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THOU HAST PREPARED THY HOLY TABLE IN THE SIGHT OF MY SPIRITUAL ENEMIES

THOU HAST PREPARED THY HOLY TABLE IN THE SIGHT OF MY SPIRITUAL ENEMIES

ACT OF HOPE BEFORE HOLY COMMUNION

Jesus, my Lord and my God, Whom I behold with eyes of faith in the Sacrament of the Altar, what may I not hope from thee! Thou art the Almighty who canst ever succour us; thou art our all-loving and merciful God Who wilt gladly help us, Whose delight is to dispense grace and blessing.

Thou knockest at the door of our hearts yearning to enter and lavish upon us the fulness of thy grace. What canst thou withhold, O my loving Redeemer, when thou givest me thyself with all that thou art and all that thou hast? Thou art my refuge, my hope, my salvation, my life, my beatitude!

Thou hast promised refreshment to all who are weary and heavy burdened; thou hast the words of eternal life, and thou wilt fulfil these words in me. Thou hast prepared this holy table against all that afflicts me, against all the enemies of my salvation; I hope, therefore, to be strengthened at thy table for the struggle against the world, the flesh, and the devil.

Thou hast given me this food as the pledge of immortality; through it I hope for eternal life. Bless, O Lord, all that hope in thee. Increase my hope and let it not be in vain.

– St Anthony’s Treasury, 1916

 

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“MY YOKE IS SWEET AND MY BURDEN LIGHT” – HAPPINESS AND PAIN

God meant us to enjoy happiness even in this world, though it could not be the happiness which excludes all pain and suffering. Such complete happiness is reserved for the next life, when we are participating in the infinite happiness of God in heaven. As long as we are living in this world pain and suffering are inevitable, because of the fall of man and the general corruption of human nature that followed upon it. Nothing that men can devise will ever change that fact or bring us to an earthly garden of Eden. This has been attested in every stage of the world’s history and never more clearly than in these latter days of widespread misery, chaos and unrest.

If any man will come after me, let him deny himself and take up his cross daily (Lk 9:23)

So it was that when Christ Our Lord came on this earth to redeem us and to show us by His own example how we must live if we wish to have happiness both now and hereafter, He said: “If any man will come after me, let him deny himself and take up his cross daily,” and St Luke (9:23) prefaced the words, “He said to all.” It was to help and encourage us that He Himself took up His own Cross, an infinitely heavier one than any of us will be called upon to bear, so that because of His bitter Passion and Death He is known as “The Man of Sorrows”. But it would be a mistake to lay an undue or exclusive meaning on that title. Our Blessed Lord was in truth the happiest man that has ever lived on this earth: His human soul was the recipient of the greatest natural joys in His association with His Blessed Mother, with St Joseph His foster-father, with His relations and close friends. He found delight, too, in the world in which He lived, the beauties of nature, the hills, the fields, the flowers, in running water. Nothing of beauty escaped His sensitive gaze. He could find joy in the humble work of a carpenter, in all the trivial happenings of a peaceful home, in the simplicity of village life. Though He knew well the sufferings that were to befall Him, that terrible vision did not darken His life and leave Him ever fearful and depressed. For He had within His human soul the root of happiness – a complete union with His Father in heaven. His every activity in living wholly for God and in giving over His entire human will to the will of God ensured His happiness, a happiness that was not disturbed even when He hung on His Cross and suffered a death of the utmost anguish and pain.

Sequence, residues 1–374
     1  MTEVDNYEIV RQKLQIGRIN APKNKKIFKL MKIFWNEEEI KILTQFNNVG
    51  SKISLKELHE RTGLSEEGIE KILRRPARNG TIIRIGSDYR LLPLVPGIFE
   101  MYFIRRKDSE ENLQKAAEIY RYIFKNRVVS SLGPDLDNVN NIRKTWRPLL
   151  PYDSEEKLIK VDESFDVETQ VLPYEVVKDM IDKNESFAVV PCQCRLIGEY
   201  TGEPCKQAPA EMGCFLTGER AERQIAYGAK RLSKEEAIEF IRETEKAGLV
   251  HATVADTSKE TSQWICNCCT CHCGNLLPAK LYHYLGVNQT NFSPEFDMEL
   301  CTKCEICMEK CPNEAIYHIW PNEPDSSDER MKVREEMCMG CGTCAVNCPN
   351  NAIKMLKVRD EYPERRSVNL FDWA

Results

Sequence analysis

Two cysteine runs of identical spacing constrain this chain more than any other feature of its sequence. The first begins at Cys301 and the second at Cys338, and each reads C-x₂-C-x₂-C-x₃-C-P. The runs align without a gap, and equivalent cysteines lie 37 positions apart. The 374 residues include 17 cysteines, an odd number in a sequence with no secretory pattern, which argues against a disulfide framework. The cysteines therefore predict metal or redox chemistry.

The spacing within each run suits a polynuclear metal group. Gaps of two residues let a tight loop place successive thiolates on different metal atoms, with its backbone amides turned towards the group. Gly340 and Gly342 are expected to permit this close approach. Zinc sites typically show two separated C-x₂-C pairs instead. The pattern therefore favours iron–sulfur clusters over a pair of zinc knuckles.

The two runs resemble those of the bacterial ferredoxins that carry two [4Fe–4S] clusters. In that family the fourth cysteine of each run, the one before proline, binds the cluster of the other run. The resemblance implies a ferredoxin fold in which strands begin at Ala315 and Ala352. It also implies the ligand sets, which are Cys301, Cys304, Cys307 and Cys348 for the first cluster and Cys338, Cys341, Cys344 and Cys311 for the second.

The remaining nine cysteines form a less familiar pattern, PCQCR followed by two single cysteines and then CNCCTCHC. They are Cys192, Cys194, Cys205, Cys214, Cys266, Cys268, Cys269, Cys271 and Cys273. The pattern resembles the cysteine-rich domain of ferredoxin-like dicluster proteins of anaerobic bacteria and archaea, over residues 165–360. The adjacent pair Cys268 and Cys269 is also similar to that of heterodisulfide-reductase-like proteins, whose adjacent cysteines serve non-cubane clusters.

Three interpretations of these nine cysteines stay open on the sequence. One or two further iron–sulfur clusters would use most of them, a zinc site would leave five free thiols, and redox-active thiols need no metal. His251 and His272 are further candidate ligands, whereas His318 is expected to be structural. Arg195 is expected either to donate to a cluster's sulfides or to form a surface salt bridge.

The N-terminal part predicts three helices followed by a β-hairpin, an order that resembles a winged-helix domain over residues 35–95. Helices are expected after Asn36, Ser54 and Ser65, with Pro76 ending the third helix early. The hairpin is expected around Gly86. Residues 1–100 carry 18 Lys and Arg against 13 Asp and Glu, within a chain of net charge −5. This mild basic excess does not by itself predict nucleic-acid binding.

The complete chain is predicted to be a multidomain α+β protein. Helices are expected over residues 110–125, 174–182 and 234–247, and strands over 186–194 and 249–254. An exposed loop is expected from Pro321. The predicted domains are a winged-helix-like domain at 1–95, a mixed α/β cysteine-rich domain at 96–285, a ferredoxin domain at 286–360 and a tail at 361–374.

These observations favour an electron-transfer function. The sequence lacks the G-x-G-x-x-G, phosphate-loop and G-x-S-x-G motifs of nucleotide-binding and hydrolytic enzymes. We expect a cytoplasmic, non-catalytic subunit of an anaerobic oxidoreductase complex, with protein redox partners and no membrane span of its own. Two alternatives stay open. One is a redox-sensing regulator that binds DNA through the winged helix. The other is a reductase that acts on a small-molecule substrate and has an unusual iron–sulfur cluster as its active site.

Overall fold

The root of happiness

He wants us, too, to be happy even in this world but He knows that such limited happiness as this affords can only be attained by bearing our own cross and in facing courageously, in patience and without complaint, the ever-recurring trials of life. It is not enough to look upon Him crucified for us, but if His merits are to be productive of good in us we must shoulder our own crosses and find our happiness here below in so following Him.

Are happiness and pain really incompatible?

To many people it seems impossible that there can be happiness where there is pain. But a little reflection will show them their mistake. A mother will find happiness in suffering pain for the safety or life of her child. A brave soldier will be happy even when he is enduring hardships, privations, and perils to help his country’s cause. Many a man will undertake arduous work that puts a strain on his courage and is a cause of much present comfort, while at the same time he enjoys an inner happiness in the consciousness that he is attaining some great purpose. Again, to one who has been converted from a life of sin there is happiness in the thought that by bearing his sufferings, whether mental or physical, he is making reparation for the past [see also: Col.1:24] and gaining ever added merit [see also: Mt6:20]. Innocent and more spiritual souls, in whom there has been no serious sin in their lives, such as was the childlike Saint of Lisieux, will have joy in the knowledge that they become co-victims with Christ in the redemption of the world and in bringing others to God.